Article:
Treadwell gold mine

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Treadwell mine, circa 1890s
Treadwell stamp mills, 1908

The Treadwell gold mine was on the south side of Douglas Island, .5-mile (0.80 km) east of downtown Douglas and southeast of downtown Juneau, owned and operated by John Treadwell. Composed of four sub-sites, Treadwell was in its time the largest hard rock gold mine in the world, employing over 2,000 people.[1] Between 1881 and 1922, over 3 million troy ounces of gold were extracted. Not much remains today except for a few crumbling buildings and a "glory hole". Although John Treadwell had twelve years of experience in both placer and lode mines, he was a carpenter and builder by trade who had come to Alaska prior to the Klondike Gold Rush.

Beginnings[edit]

The Glory Hole, 2012
Miners working in the Glory Hole, circa 1900s

In 1880, prospectors Joseph 'Joe' Juneau and Richard Harris discovered gold in Silver Bow Basin. This brought waves of prospectors to the region, including John Treadwell, whose first move was to purchase a lode claim on Douglas Island from Pierre Joseph Erussard ("French Pete") on 13 Sept. 1881.[2]

Treadwell formed a partnership in Sept. 1881 with Erussard de Ville, D.P. Mitchell and Dave Martin under the name of The San Francisco Company. For unknown reasons he later backed out of this, and in early December 1881 he devoted his attention solely to the Douglas Island property. He then went on to buy two claims neighboring his property from D. W. Clark. Treadwell extracted twenty two samples from his three claims which he sent to San Francisco, California for a mill test, yielding encouraging results.

On December 27, 1881, Treadwell organized the Alaska Mill & Mining Company and began operations at the Treadwell Dike. Shortly after this, five men from California bought over $10,000 worth of stock in the business. These men were James Freeborn ( 1828 - June 21, 1894 ), San Francisco banker and mining magnate John Douglas Fry (July 1, 1819 - February 3, 1901 ), Horace Lewis Hill (1840 - November 6, 1912 ), Howard Hill Shinn ( born April 4, 1857 ) and E. M. With these men funding him, Treadwell began running a tunnel and discovered that much of the vein he was mining was not on his property. Because word of his strike had not yet gotten out he was able to buy many of the adjoining claims for very little money, after which he returned to San Francisco to secure more backing for a much larger mill. His financial benefactors agreed to invest more and the major mining operation had begun.[3]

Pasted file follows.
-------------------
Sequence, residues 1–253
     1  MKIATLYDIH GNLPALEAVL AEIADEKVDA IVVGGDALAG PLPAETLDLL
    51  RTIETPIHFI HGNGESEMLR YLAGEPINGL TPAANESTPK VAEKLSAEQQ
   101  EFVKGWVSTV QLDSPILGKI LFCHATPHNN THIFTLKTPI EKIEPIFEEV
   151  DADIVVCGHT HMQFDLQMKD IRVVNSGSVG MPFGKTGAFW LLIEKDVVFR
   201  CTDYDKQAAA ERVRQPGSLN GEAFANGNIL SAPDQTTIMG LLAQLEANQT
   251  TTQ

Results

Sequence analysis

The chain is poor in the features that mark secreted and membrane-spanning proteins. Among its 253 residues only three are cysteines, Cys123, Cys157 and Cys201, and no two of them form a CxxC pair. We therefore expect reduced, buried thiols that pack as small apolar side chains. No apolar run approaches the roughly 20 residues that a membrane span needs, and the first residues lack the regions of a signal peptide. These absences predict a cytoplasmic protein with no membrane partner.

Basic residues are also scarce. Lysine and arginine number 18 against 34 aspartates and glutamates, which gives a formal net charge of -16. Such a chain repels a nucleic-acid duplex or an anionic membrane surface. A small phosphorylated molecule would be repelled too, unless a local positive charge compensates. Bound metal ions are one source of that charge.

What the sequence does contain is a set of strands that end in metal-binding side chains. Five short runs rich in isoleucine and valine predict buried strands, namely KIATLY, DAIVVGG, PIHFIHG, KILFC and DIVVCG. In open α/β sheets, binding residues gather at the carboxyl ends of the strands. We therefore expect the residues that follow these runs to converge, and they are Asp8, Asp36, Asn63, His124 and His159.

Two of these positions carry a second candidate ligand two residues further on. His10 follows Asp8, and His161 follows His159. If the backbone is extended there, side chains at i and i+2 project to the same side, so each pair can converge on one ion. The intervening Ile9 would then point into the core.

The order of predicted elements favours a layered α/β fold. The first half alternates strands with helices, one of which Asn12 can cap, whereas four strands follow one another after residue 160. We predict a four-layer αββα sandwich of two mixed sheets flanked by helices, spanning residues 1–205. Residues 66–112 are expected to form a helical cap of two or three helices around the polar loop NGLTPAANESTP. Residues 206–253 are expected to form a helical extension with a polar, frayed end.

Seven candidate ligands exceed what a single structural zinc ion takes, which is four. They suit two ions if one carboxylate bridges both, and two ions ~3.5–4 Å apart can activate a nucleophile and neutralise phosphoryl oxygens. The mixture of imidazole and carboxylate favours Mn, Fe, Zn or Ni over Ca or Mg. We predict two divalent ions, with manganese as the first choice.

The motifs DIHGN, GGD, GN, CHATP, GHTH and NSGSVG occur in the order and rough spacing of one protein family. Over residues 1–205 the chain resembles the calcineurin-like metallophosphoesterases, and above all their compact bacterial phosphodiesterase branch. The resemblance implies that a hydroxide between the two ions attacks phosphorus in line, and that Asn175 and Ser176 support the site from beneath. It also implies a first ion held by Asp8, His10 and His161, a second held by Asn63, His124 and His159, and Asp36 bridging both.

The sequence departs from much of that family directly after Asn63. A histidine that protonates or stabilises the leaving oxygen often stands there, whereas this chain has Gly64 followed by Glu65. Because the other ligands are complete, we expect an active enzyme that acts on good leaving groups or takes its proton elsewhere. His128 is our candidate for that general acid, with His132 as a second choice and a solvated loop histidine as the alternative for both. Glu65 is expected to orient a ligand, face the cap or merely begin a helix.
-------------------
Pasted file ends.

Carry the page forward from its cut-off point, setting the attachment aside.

By 1882, a 5-stamp mill was operating. In 1887, a 120-stamp mill was erected, which was doubled in size the next year. Between 1883 and 1896, three more mills were added. These were for the Mexican, Seven Hundred Feet, and Ready Bullion mines, while the Treadwell Mine had its own 300-stamp mill.[2]

In 1889, Treadwell sold his stake in the company for $1.5 million and returned to California.[4]

Geology[edit]

The geology on Douglas Island consists of a belt of volcanic greenstones next to Stephens Passage, which alternate with slate before the transitioning into a belt of slate next to the Gastineaux Channel. The slate band includes many dikes of diorite. "Secondarily fractured and mineralized diorite dikes constitute the ore bodies in the Treadwell group of mines on Douglas Island." Gold-bearing sulfide minerals impregnate the dikes, principally pyrite.[2]:15,86-116

Operation[edit]

Miners in an under-sea shaft, 1916

At the height of the operation there were five mills with over 960 stamps in continuous operation, closing down only on Christmas and Independence Day. These mills were fed by four mines known as the Treadwell, 700-Foot, Mexican and Ready Bullion. At this time the mine employed over 2,000 people and was the largest hard rock mine in the world. The gold was 55% free milling and 45% embedded in pyrite, which was extracted using chlorination, smelting, and cyanidation. Power to the complex was supplied by a coal-fired power plant (later switching to oil and two hydroelectric dams).